Alaska Digest

Posted: Thursday, March 23, 2006

Gov. hires new head of communications

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JUNEAU - Former Alaska Department of Administration spokesman Joe Holbert is now working as in the governor's office as communications director.

McHugh Pierre previously held that position. Pierre will stay on with a new job title is to be determined, said Becky Hultberg, the governor's spokeswoman.

Holbert, who has a background in print and broadcast journalism, will be responsible for nonmedia communication duties at his new job. The addition of Holbert to Gov. Frank Murkowski's staff makes a total of six communication employees. Three others serve in an audio-video lab that also produces works for various departments, Holbert said.

The Department of Administration has not hired a replacement for Holbert.

Fetus bill held over in committee

JUNEAU - A bill that allows murder and assault charges to be brought against someone who kills or injures a fetus was held over in the House Judiciary Committee on Wednesday.

The measure, relating to offenses against "unborn children," is sponsored by Sen. Fred Dyson, R-Eagle River.

Dyson told the committee that 28 states as well as the federal government have enacted laws protecting the unborn. Dyson said his bill was inspired by the case of Lacie Peterson - whose husband was convicted of murdering his pregnant wife in California.

The proposed law would allow prosecutors to bring double murder charges in such a case.

Although the bill excludes abortion from the list of offenses, Rep. Les Gara, D-Anchorage, said the language could be used some day as a vehicle to challenge Roe v. Wade, the Supreme Court case that legalized abortion in the United States.

Gara said abortion should be a separate debate.

Women's shelter funding put back

JUNEAU - The House Finance Committee on Wednesday put $350,000 back into a spending bill for a Kotzebue sexual assault and domestic violence shelter.

The money, if approved by the Legislature, will go to reimburse the Maniilaq Association, which runs the crisis center. The Northwest Alaska tribal organization continued to pay for the center's operations last year after a new federal law stripped it of its funding, said Rep. Reggie Joule, D-Kotzebue.

Forestry officials approve timber sale

ANCHORAGE - State forestry officials on Wednesday reiterated their approval of a 1,300-acre timber sale near a popular fishing stream in the Matanuska-Susitna Borough, after considering a number of requests to halt the sale.

State forest officials reviewed comments from opponents of the sale of pockets of land in Petersville near Kroto Creek before giving the go-ahead for the state's largest timber offering in the Mat-Su Borough in nearly two decades.

Opponents range from area residents to tourists to environmental groups. Many have said logging could open up the area to four wheelers that could damage salmon and trout streams. Some also questioned whether logging would harm local tourism businesses such as sled- dog tours and flightseeing operations.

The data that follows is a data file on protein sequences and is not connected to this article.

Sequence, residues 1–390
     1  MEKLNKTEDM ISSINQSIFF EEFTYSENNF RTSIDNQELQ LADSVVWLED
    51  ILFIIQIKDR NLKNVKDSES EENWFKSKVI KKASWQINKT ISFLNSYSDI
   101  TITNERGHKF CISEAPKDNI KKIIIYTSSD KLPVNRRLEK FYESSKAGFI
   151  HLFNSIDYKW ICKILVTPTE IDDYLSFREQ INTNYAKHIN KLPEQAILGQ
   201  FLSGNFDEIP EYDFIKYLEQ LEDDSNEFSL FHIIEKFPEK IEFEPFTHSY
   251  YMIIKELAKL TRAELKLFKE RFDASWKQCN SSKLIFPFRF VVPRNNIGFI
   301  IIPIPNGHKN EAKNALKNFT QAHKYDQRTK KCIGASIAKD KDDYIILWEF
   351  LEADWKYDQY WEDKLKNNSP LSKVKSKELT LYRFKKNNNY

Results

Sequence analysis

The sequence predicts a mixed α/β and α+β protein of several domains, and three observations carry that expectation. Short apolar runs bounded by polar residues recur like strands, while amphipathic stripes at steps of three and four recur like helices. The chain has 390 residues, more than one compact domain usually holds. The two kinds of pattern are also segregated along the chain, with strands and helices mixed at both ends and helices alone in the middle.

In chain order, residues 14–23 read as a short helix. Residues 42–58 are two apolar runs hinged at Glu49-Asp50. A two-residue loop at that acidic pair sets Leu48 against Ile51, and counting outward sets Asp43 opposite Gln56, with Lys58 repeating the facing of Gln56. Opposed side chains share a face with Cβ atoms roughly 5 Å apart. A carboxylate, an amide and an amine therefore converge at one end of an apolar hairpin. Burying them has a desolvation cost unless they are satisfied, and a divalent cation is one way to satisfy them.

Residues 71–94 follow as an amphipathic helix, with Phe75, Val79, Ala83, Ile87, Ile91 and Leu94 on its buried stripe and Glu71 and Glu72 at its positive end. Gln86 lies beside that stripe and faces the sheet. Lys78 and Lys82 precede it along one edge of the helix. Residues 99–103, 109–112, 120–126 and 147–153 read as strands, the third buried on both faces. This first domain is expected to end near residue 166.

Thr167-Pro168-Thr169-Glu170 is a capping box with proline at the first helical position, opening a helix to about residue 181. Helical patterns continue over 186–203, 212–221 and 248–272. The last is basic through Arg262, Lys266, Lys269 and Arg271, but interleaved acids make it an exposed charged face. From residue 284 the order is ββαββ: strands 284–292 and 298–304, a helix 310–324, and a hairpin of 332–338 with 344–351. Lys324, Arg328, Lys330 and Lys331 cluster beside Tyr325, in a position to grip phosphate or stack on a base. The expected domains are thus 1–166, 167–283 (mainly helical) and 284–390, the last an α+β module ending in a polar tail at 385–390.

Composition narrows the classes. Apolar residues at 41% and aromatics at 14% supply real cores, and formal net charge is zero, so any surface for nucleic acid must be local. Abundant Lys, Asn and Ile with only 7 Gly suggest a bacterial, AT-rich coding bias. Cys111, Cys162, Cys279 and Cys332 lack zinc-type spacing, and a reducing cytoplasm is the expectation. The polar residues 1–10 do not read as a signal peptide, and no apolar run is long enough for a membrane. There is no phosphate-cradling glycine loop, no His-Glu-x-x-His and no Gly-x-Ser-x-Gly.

Officials said they tweaked a few areas of the sale plan to answer concerns, including shrinking the size of the sale by 300 acres from the original 1,600-acre proposal. They also are requiring construction of ditches and berms intended to block four-wheelers from logged areas, and are limiting large transport trucks from running on weekends and during school bus runs. Trees will be felled only during two to three months in the winter to avoid disrupting tourist traffic.

Fort Richardson to close wildlife museum

ANCHORAGE - After 50 years, the Fort Richardson Army Post is closing its wildlife museum because it needs the space for offices.

The Fort Richardson Wildlife Museum holds one of the largest collections of mounted animals in the state. It has 294 animal displays, historic artifacts and Native art pieces that need new homes, including mounts of bears, moose and sheep.

"Sadly, it's the space the museum occupies that's needed," said Mary Murray, administrative assistant for Fort Richardson Morale, Welfare and Recreation Directorate. "We've had roughly 2,000 new personnel move onto Fort Richardson in the last few months, and the number is only increasing. Office space is at a premium; new construction just can't keep pace with the influx of new troops."

The museum was started in the late 1950s when three noncommissioned officers put together an exhibit using their own mounts in a building now occupied by the military police, according to Will King with the Armed Services YWCA. Soon private citizens and other soldiers added to it. By 1964, it was moved to its current site.

Letters have been sent out to display owners, notifying them of the April 30 deadline to collect their exhibits. A number of the animals may remain in the public realm. Murray said a list has been compiled of local establishments that have expressed interest in accepting items for public viewing.

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